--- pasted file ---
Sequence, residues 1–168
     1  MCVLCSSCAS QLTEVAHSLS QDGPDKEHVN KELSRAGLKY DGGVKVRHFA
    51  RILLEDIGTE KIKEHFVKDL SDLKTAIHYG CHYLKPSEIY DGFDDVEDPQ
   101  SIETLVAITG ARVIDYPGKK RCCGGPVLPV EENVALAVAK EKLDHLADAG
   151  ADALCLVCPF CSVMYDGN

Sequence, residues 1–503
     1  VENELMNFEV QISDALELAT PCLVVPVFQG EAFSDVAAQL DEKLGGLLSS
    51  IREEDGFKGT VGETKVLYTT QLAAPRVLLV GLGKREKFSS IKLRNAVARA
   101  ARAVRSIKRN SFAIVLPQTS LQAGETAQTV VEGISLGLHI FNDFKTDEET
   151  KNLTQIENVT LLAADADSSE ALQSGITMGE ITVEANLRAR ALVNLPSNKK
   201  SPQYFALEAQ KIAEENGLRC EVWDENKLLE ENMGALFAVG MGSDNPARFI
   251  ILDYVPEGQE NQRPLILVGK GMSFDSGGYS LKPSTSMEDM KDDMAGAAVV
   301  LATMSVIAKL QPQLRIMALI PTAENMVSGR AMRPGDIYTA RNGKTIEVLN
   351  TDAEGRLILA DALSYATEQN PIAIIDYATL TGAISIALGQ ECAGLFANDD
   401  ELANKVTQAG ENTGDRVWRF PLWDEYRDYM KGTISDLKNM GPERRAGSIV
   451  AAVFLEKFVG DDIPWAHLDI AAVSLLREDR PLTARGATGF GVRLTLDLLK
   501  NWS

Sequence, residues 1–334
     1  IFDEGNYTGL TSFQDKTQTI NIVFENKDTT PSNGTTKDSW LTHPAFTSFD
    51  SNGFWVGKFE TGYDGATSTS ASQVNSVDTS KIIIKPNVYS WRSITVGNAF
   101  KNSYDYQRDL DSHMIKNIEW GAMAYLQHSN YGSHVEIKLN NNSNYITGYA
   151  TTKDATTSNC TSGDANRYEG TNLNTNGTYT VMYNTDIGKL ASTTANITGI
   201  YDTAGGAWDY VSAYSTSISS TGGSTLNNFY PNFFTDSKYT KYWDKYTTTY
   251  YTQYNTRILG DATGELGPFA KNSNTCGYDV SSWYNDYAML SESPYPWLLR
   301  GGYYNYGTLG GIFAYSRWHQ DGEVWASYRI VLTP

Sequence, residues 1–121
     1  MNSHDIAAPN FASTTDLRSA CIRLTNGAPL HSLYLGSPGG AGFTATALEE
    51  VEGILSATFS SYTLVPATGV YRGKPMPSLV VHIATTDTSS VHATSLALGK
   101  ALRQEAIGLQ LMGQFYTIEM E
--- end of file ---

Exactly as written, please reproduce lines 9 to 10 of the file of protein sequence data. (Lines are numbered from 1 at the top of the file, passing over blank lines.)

   101  ARAVRSIKRN SFAIVLPQTS LQAGETAQTV VEGISLGLHI FNDFKTDEET
   151  KNLTQIENVT LLAADADSSE ALQSGITMGE ITVEANLRAR ALVNLPSNKK